A Collaborative Environment

Hudson Kitchen

(Photo credit: @thehudsonkitchen)

Food business owners have told Hoboken Girl that the collaborative environment provided by Hudson Kitchen is helpful. “Having a community of people is really really important, we meet that need,” Djenaba said.

“You can walk up to another business owner and ask questions. Have you experienced this? Where do you get your packaging?” Product collaborations also become easier. The falafels in mademeals’ boxes, for example, are made by Fabalish, another brand working on the same floor.  

The pandemic has spurred growth in the direct-to-consumer food market. With more time many people have turned cooking from a hobby into a serious business. Others have decided to start their own food brands. “People are getting started more than before,” Djenaba observed.

Hudson Kitchen

(Photo credit: @thehudsonkitchen)

“We have businesses here …[that] didn’t exist a year ago and they are doing amazingly well.” To meet the demand, Hudson Kitchen is in the process of relaunching different boot camps and accelerator programs to help new businesses get started.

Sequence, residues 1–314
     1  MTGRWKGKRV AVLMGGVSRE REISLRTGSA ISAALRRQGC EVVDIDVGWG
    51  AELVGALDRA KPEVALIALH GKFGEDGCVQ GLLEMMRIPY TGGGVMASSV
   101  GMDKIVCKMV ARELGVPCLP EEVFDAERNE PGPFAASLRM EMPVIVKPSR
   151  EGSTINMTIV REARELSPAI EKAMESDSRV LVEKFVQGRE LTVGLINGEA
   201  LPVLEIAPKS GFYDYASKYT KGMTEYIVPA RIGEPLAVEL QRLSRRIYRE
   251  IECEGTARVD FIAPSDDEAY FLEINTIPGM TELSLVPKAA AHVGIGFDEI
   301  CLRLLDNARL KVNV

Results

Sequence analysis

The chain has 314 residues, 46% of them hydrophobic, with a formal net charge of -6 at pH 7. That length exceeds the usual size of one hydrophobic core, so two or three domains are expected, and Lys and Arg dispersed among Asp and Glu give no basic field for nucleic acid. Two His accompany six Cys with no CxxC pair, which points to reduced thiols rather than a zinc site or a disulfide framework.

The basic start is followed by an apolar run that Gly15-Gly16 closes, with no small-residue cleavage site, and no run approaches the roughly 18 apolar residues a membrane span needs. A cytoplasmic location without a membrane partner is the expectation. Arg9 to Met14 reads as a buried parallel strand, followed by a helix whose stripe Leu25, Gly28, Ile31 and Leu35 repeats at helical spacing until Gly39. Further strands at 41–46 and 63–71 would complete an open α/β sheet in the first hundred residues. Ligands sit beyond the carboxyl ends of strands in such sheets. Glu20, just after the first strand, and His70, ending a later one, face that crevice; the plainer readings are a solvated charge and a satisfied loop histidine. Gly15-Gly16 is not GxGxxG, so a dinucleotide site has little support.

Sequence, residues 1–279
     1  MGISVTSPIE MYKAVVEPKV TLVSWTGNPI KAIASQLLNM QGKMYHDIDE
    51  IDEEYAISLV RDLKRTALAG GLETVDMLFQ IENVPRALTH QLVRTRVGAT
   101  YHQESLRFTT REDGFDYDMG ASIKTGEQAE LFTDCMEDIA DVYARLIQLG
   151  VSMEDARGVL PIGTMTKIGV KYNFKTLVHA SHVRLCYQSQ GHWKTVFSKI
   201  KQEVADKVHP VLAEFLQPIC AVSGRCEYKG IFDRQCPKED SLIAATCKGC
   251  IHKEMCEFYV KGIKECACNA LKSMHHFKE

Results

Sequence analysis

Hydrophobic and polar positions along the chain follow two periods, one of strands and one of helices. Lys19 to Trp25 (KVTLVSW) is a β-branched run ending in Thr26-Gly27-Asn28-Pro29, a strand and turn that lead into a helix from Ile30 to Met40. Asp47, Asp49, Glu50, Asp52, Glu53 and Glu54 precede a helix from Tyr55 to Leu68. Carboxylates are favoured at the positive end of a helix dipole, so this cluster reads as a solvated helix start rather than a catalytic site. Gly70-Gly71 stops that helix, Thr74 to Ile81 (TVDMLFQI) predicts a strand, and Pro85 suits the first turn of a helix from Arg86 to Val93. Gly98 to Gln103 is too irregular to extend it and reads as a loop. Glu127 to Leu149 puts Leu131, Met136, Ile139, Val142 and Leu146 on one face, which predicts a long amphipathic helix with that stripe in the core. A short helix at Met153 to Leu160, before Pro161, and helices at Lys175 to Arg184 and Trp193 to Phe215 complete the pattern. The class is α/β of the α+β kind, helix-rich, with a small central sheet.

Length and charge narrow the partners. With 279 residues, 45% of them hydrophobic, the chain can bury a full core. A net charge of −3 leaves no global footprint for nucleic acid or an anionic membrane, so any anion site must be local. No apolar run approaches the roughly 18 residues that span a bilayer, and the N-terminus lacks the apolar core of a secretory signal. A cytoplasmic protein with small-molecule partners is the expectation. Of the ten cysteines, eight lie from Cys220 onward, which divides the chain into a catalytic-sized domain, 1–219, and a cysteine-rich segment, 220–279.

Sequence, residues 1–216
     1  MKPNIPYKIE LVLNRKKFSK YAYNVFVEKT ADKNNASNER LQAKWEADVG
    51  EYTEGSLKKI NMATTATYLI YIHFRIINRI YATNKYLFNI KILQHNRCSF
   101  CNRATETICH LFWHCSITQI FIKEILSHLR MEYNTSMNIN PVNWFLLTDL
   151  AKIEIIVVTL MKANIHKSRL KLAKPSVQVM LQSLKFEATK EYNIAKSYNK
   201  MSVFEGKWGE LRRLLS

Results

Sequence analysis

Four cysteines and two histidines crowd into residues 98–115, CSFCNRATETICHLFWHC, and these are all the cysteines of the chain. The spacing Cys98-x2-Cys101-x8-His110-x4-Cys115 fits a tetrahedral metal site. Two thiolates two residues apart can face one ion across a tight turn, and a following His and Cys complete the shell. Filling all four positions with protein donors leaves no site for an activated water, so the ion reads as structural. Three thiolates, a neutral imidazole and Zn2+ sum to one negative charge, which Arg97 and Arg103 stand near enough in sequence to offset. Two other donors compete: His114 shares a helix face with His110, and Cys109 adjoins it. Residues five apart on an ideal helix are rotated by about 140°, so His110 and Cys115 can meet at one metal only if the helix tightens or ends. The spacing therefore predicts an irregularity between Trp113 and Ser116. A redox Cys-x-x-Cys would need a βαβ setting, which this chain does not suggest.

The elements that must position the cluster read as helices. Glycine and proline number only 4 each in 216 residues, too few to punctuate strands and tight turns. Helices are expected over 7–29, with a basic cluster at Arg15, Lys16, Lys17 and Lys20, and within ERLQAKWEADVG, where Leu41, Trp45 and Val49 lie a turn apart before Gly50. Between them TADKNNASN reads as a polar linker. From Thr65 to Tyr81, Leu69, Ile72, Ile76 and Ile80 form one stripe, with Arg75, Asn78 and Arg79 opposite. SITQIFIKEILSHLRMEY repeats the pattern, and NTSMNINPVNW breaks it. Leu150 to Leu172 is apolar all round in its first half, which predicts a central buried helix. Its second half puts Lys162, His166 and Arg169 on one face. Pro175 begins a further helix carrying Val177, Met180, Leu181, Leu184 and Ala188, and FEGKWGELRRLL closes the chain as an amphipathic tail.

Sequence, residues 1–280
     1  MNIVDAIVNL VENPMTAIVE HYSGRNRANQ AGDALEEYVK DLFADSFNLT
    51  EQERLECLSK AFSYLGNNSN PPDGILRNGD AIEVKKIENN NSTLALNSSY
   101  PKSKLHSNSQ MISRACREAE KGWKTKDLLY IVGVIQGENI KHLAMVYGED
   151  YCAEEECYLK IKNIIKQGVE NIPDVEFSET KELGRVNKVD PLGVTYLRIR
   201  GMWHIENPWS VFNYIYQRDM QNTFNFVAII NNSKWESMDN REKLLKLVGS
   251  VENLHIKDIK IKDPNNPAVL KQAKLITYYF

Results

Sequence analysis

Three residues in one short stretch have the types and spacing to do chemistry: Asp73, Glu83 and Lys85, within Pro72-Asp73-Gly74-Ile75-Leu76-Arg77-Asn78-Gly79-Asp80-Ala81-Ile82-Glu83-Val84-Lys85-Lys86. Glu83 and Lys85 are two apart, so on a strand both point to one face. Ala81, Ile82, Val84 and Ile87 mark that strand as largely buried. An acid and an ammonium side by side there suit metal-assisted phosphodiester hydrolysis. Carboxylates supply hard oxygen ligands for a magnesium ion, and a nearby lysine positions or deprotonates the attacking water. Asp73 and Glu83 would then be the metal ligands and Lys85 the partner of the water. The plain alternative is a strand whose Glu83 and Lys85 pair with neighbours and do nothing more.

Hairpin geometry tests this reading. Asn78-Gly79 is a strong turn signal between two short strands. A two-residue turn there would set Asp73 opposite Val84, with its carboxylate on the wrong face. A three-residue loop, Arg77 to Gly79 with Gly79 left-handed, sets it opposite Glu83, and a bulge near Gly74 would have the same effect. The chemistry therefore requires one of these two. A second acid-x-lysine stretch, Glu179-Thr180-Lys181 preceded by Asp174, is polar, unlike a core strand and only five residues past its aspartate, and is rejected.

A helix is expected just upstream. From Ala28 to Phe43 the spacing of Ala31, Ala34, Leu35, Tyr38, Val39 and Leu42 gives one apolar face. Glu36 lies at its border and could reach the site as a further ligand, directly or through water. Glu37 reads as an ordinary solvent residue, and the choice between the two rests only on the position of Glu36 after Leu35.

For Djenaba, however, running a food(-related) business has also reshaped her own relationship with food, in an unexpected way. When asked about it, she burst out laughing. “You know, that’s weird. I used to cook at home. I don’t cook anymore. I just order from my clients!”

Stay up to date with Hudson Kitchen via Instagram at @thehudsonkitchen.

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Yiwei was born and raised in China. She has lived extensively in Beijing and Hong Kong, before finally settling down in New York. She moved to Hoboken after a few years in Westchester and immediately felt at home here. Two years ago, she left her job at an investment bank to travel the world and explore her interests, and has since then taken on a few freelancing gigs in career coaching, college admission consulting, and writing. When she is not wandering wildly in the streets of Europe, Asia, or Latin America, she can be found sipping an espresso in one of Hoboken's coffee shops or trying out restaurants in Hoboken and Jersey City area.